Eaton continued, “This decision affects each of us, some profoundly, and we are not of one mind. Let us continue to accompany one another with prayer, love and mutual respect as we reflect on this new reality and remember Paul’s words in 1 Corinthians about the enduring power of God’s love.”
In 2009, the ELCA adopted a statement that acknowledged diverse opinions among Lutherans on homosexuality and neither endorsed nor condemned same-gender marriages, Eaton wrote.
Disciples of Christ General Minister and President Sharon Watkins wrote in a July 14 blog post that “the Christian Church (Disciples of Christ) places a high value on both religious freedom and individual interpretation of Scripture” while leaving all decisions of policy on same-sex marriage to local congregations.
“Thoughtful Disciples come to different conclusions about marriage equality,” Watkins wrote. “For many, it is a positive step biblically and constitutionally. It affirms life-long, monogamous relationships, celebrates loving couples and stable families, gives legal support for children and spouses. For others, the Court’s decision is contrary to biblical and traditional understandings of marriage.”
The American Baptist Churches USA, when asked by BP for a statement on the Supreme Court ruling, responded via email, “We respect and will continue to respect congregational freedom on this issue knowing that, within our family, we differ, but in love. We will continue to work through the Baptist Joint Committee on Religious Liberty regarding issues related to separation of church and state.”
The ABCUSA General Board voted in 2005 to amend the statement “We Are American Baptists” to define marriage as “between one man and one woman” and declare that “the practice of homosexuality is incompatible with Biblical teaching.” However, that statement was never voted on at an ABCUSA biennial meeting and did not become an official denominational statement, spokesperson Bridget Lipin said.
Carmen Fowler LaBerge, president of the conservative Presbyterian Lay Committee, told BP mainline congregations and pastors who oppose gay marriage become increasingly susceptible to discrimination lawsuits when their parent denominations abandon official endorsements of traditional marriage.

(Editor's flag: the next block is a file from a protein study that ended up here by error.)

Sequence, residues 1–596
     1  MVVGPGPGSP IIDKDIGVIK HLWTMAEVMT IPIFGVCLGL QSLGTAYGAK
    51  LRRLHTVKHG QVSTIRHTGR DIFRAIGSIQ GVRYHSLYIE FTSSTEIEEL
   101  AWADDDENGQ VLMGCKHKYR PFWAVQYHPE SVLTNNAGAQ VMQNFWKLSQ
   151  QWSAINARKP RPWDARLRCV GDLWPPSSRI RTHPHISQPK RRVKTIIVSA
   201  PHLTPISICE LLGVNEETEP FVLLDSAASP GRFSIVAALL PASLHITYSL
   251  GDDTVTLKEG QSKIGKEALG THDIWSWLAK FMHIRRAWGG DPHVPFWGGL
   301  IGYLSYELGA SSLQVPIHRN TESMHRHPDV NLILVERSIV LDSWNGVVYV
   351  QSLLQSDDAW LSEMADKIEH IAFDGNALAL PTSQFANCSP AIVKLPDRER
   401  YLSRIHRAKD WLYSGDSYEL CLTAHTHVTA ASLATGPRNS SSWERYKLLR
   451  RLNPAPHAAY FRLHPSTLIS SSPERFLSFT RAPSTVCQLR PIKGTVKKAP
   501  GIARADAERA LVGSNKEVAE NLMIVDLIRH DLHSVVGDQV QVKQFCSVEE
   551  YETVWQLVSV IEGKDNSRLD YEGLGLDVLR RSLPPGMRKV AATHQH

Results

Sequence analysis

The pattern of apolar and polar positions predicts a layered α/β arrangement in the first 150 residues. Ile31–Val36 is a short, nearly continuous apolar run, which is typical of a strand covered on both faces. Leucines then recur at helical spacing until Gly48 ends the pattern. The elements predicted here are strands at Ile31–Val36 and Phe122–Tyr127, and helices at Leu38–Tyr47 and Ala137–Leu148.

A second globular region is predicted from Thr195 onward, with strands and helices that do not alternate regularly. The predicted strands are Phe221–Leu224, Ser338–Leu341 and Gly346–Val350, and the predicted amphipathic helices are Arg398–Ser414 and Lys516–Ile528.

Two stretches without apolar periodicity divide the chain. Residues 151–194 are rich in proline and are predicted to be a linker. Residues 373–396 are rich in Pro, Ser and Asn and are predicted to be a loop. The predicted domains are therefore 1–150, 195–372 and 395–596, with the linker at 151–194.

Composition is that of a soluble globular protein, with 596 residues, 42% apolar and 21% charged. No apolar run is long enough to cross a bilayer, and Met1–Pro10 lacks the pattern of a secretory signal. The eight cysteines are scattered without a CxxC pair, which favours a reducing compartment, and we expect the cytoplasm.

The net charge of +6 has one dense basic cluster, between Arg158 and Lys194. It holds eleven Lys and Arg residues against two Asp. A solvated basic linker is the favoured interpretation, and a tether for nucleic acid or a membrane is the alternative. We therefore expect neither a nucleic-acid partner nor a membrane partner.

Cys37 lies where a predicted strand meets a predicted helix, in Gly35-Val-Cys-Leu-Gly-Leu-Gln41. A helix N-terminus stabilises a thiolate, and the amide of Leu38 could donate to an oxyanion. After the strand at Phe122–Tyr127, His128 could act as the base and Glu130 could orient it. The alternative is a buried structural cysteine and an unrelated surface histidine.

“PCUSA churches are not the only ones that have no ecclesiastical backstop on this,” LaBerge said in written comments. “The Lutherans in the ELCA, the Episcopalians in TEC and churches in the UCC are also in denominations that have declared same-sex marriage ‘blessed.’ None of them will be able to appeal, if challenged, to the ‘sincerely held religious belief’ of their higher governing body. They will each have to prove that man-woman marriage is a theologically grounded ‘sincerely held religious belief’ and that the theological position of their denomination on this is not binding on them as a local church.
“That legal test is coming for churches that have allowed their sanctuaries and chapels to be used for weddings of non-believers and people of other faith traditions,” LaBerge said. “It is going to be very hard for them to demonstrate a consistently held theological belief based on the Scriptures if they’ve been willing to perform or host weddings for non-Christians. How then will they defend the right to not marry professing Christians of the same gender?”
The United Methodist Church maintains an official stand against gay marriage but acknowledges disagreement among congregations and local church members on the subject.
A release from the United Methodist Church stated, “United Methodists had varied reactions to the U.S. Supreme Court’s ruling that establishes same-sex civil marriage as a constitutional right. But many United Methodists agree on one thing: The decision likely will escalate a longtime denominational debate on the church’s position on homosexuality.”
United Methodist clergy are banned from performing same-sex weddings, and churches are banned from hosting them, according to the UMC release.